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Lookup NU author(s): Professor Tiago OuteiroORCiD
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Several neurodegenerative diseases, such as Parkinson's disease (PD), Alzheimer's disease (AD), Huntington's disease (HD), amyotrophic lateral sclerosis (ALS), or prion diseases, are known for their intimate association with protein misfolding and aggregation. These disorders are characterized by the loss of specific neuronal populations in the brain and are highly associated with aging, suggesting a decline in proteostasis capacity may contribute to pathogenesis. Nevertheless, the precise molecular mechanisms that lead to the selective demise of neurons remain poorly understood. As a consequence, appropriate therapeutic approaches and effective treatments are largely lacking. The development of cellular and animal models that faithfully reproduce central aspects of neurodegeneration has been crucial for advancing our understanding of these diseases. Approaches involving the sequential use of different model systems, starting with simpler cellular models and ending with validation in more complex animal models, resulted in the discovery of promising therapeutic targets and small molecules with therapeutic potential. Within this framework, the simple and well-characterized eukaryote Saccharomyces cerevisiae, also known as budding yeast, is being increasingly used to study the molecular basis of several neurodegenerative disorders. Yeast provides an unprecedented toolbox for the dissection of complex biological processes and pathways. Here, we summarize how yeast models are adding to our current understanding of several neurodegenerative disorders. © 2013 International Society for Neurochemistry.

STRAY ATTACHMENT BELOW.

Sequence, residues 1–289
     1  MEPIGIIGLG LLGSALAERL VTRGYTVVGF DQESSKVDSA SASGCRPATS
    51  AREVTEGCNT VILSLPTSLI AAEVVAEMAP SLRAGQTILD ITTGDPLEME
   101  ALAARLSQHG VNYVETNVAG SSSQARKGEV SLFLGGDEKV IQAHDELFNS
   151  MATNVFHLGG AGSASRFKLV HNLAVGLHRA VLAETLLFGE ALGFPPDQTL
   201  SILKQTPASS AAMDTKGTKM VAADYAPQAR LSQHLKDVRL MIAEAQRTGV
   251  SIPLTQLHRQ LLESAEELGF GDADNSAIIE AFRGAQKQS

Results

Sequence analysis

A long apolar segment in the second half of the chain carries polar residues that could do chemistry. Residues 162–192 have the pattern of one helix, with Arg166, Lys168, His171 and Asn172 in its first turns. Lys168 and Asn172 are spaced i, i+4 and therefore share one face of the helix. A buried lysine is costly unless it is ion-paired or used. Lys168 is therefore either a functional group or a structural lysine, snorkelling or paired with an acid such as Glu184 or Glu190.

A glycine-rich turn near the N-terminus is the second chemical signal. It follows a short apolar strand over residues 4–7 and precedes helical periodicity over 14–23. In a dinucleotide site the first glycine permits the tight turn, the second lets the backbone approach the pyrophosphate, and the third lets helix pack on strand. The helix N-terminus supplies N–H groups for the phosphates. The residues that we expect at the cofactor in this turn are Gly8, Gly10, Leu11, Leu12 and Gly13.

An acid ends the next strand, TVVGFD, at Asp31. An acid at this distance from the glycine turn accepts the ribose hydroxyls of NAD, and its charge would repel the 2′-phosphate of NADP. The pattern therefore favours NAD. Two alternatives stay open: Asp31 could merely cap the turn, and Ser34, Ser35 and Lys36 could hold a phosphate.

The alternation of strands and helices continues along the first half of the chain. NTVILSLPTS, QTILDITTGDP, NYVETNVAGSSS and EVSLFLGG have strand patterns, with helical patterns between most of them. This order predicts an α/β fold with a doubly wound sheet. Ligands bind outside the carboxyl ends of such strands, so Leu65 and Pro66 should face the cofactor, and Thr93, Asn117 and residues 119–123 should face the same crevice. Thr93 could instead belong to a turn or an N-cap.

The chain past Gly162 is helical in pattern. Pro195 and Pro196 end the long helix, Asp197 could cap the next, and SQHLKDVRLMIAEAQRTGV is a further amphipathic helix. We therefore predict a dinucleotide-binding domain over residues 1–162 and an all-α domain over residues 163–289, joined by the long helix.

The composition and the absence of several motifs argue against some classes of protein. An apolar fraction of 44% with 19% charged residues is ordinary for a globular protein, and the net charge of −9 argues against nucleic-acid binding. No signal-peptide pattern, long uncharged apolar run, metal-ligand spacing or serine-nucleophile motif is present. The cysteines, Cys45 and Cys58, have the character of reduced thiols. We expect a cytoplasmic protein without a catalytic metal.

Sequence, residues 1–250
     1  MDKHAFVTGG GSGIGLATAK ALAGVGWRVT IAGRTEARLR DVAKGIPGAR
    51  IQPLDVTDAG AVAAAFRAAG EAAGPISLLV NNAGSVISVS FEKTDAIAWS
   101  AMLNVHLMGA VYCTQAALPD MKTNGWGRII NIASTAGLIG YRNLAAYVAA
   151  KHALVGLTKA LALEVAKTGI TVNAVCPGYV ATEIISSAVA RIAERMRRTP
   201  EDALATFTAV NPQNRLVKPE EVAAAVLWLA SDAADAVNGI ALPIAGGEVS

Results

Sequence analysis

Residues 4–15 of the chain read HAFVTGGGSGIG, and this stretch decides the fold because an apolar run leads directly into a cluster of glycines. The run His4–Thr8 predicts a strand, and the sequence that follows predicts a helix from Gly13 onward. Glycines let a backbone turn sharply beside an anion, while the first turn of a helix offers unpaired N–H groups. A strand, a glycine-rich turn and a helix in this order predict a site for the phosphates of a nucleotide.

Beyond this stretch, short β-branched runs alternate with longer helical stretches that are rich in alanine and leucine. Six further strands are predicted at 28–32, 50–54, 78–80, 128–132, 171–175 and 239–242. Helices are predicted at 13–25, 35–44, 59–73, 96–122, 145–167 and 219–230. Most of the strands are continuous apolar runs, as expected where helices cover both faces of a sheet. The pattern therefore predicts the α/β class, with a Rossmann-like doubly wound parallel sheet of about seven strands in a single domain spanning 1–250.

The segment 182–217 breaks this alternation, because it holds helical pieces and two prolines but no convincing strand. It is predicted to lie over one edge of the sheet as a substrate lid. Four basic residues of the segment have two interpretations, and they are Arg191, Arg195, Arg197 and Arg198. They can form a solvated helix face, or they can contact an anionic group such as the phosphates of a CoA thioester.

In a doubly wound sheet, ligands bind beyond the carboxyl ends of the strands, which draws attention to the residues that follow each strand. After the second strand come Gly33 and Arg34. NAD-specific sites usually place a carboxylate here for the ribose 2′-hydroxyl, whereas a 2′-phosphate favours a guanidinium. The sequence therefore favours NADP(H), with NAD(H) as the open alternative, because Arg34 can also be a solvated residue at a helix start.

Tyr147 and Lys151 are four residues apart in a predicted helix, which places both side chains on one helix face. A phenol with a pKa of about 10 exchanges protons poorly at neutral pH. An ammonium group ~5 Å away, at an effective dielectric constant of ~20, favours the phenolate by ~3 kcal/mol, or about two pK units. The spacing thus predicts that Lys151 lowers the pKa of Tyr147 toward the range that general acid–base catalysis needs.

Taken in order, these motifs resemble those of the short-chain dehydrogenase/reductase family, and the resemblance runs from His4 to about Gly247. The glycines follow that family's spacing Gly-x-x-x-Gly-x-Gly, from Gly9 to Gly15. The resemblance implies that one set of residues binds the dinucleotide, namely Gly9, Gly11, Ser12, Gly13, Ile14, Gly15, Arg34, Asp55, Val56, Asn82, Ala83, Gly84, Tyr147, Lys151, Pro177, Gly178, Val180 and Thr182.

Author(s): Tenreiro S, Munder MC, Alberti S, Outeiro TF
Publication type: Review
Publication status: Published
Journal: Journal of Neurochemistry
Print publication date: 01/11/2013
Online publication date: 20/04/2013
ISSN (print): 0022-3042
ISSN (electronic): 1471-4159
PubMed id: 23600759